However, the actresses did a great job with what they had.  Bryce Dallas Howard was a perfectly evil Hilly Holbrook, and every ounce the back-stabbing socialite.  Still, Hilly is so mean in the movie, she doesn’t come across as a loving mother or a good friend (I mean, she did hook Skeeter up with her cousin-in-law).  I did enjoy Viola Davis as Aibileen, Octavia Spencer as Minny, and especially appreciated Jessica Chastain’s depiction of Celia Foote.  The cast was lovely; the script was what needed work.  I mean, it didn’t even include my favorite line (and author Kathryn Stockett’s as well) from the book.  What the what?!

I’m going to see the movie with my Bible study this weekend, so I’ll see if I have a different opinion with a little distance between my reading of the book and seeing of the movie.  I really, really wanted to love the movie…and I just didn’t.

Celia (Jessica Chastain) and her new BFF Minny (Octavia Spencer)

And the winner is…The Book.

For another opinion of the movie, check out Jenny B. Jones post, “Yes, I’m Talking About THE HELP, too.”  She LOVED the movie and explains why!


What do you think?  Did you like the book or the movie better?  Or did you like them for different reasons? Are books always better than movies?  Or are movies better than books?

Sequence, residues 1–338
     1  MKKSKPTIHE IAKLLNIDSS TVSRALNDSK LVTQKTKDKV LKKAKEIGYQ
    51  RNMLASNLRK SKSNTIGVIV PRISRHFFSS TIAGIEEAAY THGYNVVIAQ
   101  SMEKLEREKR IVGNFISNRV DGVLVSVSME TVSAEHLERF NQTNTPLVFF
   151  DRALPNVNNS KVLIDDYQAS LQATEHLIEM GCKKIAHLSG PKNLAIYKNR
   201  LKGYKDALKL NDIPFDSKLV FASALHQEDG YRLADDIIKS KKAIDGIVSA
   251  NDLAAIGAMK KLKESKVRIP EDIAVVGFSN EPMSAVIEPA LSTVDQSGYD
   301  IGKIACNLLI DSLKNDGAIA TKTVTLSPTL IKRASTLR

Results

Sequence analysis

20 thoughts on “The Help: The Book vs.The Movie (Spoilers? Probably.)

  1. Nice. I agree with you. I did not love the movie at all. I was most disappointed with the way the movie totally ignored Constantine’s storyline with her daughter Lullabelle. In the book, Lulabelle looked nearly white and could pass for white. But in the movie she has a brown complexion. And i totally.. I mean totally did not like how they portrayed Mrs. Phelan as being sympathetic at the end. The movie totally overlooks the tension between Skeeter and her mother (except for the part with Medgar Evers). This was a big “no no” in my eyes. Mrs. Phelan should not have been redeemed at the end of the movie. On last thing… the movie made it seem as if Skeeter was a world changer from the beginning and did not need to change her own ways of thinking….. In the book Skeeter struggles with racism herself. There were times while reading the book that I did not like Skeeter, but the movie portrays her as a savior and totally likable all the time. READ THE BOOK!

  2. Kathy, you can get THE HELP for $8 on with the pretty bird cover or the movie cover. I’d go for the pretty birds.